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I request your help in children's literature. I'm a teacher and some of my students are native English speakers in a non-native English class. I myself am not a native speaker, so I never read books in English as a child (or anything much at all, considering my background).
I've polled my other English-speaking students, and here's what they suggest:
>Diary of a Wimpy Kid
>R. L. Stine
I'm thinking of Roald Dahl stuff. Some parents want more classic books for their kids to read, but they're around 10 years old, so I'm not sure how classic one can go with these ages. I want books that will get them to enjoy reading, above all, and I don't care too much if it's about ghosts, mummies, or wimpy kids, as long as it's in English, is decent, and is fun in a smart way.
Additionally, recommend grammar books with exercises for native speakers of English, maybe even the stuff you used at school yourselves.
Millenials: Generation Wuss
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>My generation was raised by Baby Boomers in a kind of complete fantasy world at the height of the Empire: Boomers were the most privileged and the best educated children of The Great Generation, enjoying the economic boom of post-World War II American society. My generation realized that like most fantasies it was a somewhat dissatisfying lie and so we rebelled with irony and negativity and attitude or conveniently just checked-out because we had the luxury to do so. Our reality compared to Millennial reality wasn’t one of economic hardship. We had the luxury to be depressed and ironic and cool.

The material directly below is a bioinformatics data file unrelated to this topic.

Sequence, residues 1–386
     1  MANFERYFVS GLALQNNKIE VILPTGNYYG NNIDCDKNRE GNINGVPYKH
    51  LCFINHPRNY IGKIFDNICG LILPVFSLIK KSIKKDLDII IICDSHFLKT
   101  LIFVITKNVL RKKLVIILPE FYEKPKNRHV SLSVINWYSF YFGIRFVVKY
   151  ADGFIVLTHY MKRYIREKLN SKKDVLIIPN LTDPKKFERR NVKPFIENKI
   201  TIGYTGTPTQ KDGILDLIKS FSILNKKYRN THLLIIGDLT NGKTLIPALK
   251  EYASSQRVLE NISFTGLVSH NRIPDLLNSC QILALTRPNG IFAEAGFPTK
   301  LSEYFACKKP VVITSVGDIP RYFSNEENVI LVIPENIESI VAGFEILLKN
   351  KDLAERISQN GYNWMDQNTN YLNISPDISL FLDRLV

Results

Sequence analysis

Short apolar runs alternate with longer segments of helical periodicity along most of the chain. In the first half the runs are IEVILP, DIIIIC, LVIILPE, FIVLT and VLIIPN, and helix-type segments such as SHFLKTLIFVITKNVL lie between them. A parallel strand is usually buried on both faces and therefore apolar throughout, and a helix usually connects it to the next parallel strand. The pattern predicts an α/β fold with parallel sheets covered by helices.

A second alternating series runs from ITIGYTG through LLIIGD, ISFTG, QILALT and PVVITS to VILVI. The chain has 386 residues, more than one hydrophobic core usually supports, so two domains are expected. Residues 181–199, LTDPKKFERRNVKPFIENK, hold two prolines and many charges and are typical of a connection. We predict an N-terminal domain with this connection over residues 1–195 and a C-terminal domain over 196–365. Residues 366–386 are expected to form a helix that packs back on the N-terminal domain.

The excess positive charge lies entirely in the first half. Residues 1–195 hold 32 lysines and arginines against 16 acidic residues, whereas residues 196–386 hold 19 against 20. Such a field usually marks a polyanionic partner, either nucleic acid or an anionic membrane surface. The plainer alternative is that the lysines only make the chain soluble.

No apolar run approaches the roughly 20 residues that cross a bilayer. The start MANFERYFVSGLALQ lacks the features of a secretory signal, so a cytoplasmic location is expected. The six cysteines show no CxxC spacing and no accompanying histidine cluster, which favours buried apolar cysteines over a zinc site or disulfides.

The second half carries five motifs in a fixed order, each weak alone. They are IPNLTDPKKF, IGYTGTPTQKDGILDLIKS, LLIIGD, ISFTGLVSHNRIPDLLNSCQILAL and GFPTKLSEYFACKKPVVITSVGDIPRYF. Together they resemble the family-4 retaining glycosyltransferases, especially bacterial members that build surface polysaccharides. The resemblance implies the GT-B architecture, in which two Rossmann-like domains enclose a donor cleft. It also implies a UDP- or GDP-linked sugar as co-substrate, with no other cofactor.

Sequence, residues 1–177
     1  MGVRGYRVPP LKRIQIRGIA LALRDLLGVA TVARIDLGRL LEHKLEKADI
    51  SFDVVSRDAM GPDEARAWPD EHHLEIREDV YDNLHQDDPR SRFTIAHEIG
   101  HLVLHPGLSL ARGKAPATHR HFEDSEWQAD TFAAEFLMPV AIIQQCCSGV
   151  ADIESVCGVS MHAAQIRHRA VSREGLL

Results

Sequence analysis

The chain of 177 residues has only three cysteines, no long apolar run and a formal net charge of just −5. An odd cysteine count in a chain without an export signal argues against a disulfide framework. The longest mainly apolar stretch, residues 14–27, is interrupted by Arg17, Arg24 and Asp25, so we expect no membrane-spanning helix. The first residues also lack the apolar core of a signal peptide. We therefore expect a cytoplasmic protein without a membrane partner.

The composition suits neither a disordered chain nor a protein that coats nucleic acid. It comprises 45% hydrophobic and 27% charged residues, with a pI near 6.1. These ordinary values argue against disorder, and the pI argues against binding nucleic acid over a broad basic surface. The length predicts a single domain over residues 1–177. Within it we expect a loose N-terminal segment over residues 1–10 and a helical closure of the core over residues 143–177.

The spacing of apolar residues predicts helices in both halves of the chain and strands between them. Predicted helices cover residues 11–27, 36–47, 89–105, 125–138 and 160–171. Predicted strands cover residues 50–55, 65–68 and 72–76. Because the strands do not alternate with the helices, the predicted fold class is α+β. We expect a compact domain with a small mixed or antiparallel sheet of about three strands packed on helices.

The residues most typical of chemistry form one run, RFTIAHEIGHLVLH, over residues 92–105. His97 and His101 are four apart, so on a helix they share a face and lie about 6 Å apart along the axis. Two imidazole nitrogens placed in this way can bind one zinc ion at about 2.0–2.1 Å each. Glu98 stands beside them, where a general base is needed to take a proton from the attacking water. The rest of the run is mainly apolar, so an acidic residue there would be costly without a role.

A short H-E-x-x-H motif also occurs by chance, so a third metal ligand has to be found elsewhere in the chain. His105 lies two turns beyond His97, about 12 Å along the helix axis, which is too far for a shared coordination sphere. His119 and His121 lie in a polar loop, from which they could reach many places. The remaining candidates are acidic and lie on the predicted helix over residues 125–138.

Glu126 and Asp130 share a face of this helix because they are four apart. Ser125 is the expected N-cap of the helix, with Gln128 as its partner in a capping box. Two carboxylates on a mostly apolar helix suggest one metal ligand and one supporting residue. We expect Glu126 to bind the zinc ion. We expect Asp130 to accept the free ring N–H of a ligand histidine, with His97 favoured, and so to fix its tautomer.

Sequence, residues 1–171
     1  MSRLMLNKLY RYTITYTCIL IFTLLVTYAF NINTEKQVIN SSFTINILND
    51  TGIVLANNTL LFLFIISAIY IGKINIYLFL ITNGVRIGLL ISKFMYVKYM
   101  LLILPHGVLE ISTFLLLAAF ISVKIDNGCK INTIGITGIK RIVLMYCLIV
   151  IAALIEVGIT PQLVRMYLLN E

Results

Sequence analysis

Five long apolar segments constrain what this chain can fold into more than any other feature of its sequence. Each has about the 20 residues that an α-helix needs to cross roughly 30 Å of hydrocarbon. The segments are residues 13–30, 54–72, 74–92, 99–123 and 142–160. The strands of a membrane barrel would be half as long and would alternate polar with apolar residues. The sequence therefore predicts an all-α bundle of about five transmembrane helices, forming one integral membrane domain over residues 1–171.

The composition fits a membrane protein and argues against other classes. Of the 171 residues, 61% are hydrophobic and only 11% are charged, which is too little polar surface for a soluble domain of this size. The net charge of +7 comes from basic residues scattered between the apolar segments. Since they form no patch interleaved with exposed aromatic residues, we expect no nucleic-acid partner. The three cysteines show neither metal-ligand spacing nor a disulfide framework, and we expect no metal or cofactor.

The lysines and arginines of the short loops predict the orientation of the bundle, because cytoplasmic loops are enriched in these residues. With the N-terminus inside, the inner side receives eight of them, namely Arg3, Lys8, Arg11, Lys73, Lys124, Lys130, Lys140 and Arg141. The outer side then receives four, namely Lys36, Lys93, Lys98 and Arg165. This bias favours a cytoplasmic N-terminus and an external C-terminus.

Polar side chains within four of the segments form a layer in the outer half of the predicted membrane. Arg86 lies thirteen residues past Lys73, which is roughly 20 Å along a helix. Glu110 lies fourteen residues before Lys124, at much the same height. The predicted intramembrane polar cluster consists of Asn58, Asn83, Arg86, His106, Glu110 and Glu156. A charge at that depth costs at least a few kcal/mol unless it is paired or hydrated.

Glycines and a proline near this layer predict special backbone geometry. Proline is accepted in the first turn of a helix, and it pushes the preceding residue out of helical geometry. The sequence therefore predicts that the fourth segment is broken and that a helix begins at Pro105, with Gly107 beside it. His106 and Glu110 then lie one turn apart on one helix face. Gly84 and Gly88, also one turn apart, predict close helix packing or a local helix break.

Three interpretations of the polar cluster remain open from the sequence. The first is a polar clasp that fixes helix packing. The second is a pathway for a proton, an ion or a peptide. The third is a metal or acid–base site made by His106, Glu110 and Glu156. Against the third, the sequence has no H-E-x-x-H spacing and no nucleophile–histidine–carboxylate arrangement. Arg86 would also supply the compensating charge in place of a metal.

>When Generation Wuss creates something they have so many outlets to display it that it often goes out into the world unfettered, unedited, posted everywhere, and because of this freedom a lot of the content displayed is rushed and kind of shitty and that’s OK—it’s just the nature of the world now—but when Millennials are criticized for this content they seem to collapse into a shame spiral and the person criticizing them is automatically labeled a hater, a contrarian, a troll.
>And then you have to look at the generation that raised them, that coddled them in praise—gold medals for everyone, four stars for just showing up—and tried to shield them from the dark side of life, and in turn created a generation that appears to be super confident and positive about things but when the least bit of darkness enters into their realm they become paralyzed and unable to process it.
Bret Easton Ellis on "millenials"
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When I was a young child, I thought adults knew everything. This is, perhaps, one of the biggest misconceptions I held as a child. I thought that I would surely know everything about the world when I turned eighteen, just like all the other adults I had known in my life. My mom seemed to know the answer to every question I asked her. And, being particularly inquisitive as a child, I tended to ask a lot of questions. It was my assumption that, upon becoming an adult, one suddenly knew everything about how the world works. I figured that paying bills, navigating city streets, going to work, and other such “adult-like” things would be second nature to me by then.
I longed to be an adult. I longed to know the answer to every conceivable question, to be able to dissect life itself, to be able to open it up and examine its inner workings. I imagined constantly what my adult life would be like. It seemed so far away.
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Work has finally finished on the long-awaited original French cover for the book, as seen here. That's right, the Pynchon one, now in 13mb of goodness.
Will anything become of the Miami sequel?
Is organising a non-anonymous writing team the worst idea /lit/ has ever thought of?
Where do we go from here?
Pictured French edition!
previous editions (same text) are also here for a slice of /lit/ history
Fasces/tundra (standard b&w)
Fasce/tundra cover (colour, value quality)
French cover (standard b&w)
French cover (colour, value quality)
Pink/green cover (colour)
Fasces hardcover (b&w)